Kitsap Public Health District's Op Ed: Smoking's Risk to Kids Remains with Vaping


The Washington State Department of Health released data this week which reveal an escalating trend in e-cigarette use among youth. Kitsap County youth are using them at even higher rates than the statewide average. E-cigarettes are not safe for children, and we must take action now to protect them from this harmful nicotine delivery device.

Over the years, there have been successful statewide efforts to reduce youth consumption of tobacco. However, we are poised to lose ground in this battle due to the introduction of so-called electronic cigarettes (e-cigarettes) — also called vaping pens — and other vapor products. These new nicotine delivery systems are not subject to federal regulation and are inadequately regulated in our state. They are widely available online and in stores, and are easily accessible to youth.

Nicotine is a highly addictive and harmful drug, whether it is delivered via conventional cigarettes or e-devices. Vaping pens are a new way for people to experience the effects of nicotine quickly. The devices use a small electronic heater to create a vapor from liquid mixtures, often called “e-juice.” Use of e-devices has more than tripled since 2012 among Kitsap County eighth-, 10th- and 12th-graders, according to the 2014 Washington State Healthy Youth Survey.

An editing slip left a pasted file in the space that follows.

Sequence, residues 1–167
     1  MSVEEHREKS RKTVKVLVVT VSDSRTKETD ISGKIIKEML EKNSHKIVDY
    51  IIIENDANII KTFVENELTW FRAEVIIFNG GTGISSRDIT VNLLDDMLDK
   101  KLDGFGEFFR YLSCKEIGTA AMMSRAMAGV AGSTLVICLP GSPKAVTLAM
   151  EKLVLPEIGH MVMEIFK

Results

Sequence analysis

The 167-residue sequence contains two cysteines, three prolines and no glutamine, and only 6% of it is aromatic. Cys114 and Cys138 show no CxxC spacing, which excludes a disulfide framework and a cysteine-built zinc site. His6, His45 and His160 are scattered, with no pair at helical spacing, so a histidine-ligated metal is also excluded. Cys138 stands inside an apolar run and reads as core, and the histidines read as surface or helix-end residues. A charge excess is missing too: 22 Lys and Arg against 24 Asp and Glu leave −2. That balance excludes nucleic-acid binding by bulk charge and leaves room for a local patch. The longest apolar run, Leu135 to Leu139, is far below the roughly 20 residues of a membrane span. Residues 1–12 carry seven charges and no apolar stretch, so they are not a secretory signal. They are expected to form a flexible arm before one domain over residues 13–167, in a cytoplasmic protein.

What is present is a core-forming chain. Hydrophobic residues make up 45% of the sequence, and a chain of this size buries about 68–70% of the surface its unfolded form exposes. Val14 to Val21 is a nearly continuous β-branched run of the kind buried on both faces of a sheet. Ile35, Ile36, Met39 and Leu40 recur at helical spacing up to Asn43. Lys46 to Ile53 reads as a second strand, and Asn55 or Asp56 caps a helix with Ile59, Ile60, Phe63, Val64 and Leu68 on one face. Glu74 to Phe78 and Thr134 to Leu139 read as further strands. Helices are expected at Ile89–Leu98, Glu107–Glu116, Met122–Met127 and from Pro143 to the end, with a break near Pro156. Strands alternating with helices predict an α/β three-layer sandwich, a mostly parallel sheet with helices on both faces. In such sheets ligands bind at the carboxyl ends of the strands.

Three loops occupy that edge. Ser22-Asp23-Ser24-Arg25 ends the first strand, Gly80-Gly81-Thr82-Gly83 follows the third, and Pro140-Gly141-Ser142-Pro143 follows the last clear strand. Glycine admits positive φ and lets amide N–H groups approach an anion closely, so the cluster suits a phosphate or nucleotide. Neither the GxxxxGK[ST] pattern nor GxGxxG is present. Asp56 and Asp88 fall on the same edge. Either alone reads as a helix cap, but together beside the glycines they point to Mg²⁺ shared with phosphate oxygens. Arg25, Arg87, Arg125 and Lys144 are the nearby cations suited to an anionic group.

Youth exposure to nicotine in this device is a triple-whammy.

First, nicotine exposure during adolescence and fetal development may permanently damage developing brain tissue.

Second, exposure results in addiction. Children, adolescents, and young adults are especially vulnerable to nicotine addiction. Almost half of children studied in the 2011-13 National Youth Tobacco Survey who had never smoked but who had used e-cigarettes at least once intended to start smoking conventional cigarettes.

Third, the e-juice is brought into homes in cartridges, where children may be drawn to the attractive packaging. The packaging often sports cartoonish graphics and brightly colored labels, and there is no requirement for child-safe packaging. Poison control calls related to ingestion of e-juice by 1- to 3-year-olds have skyrocketed over the past two years. Just a few drops of e-juice swallowed or absorbed by the skin can send a child to the emergency room, and ingesting as little as one-third of an ounce of e-juice may be fatal for children.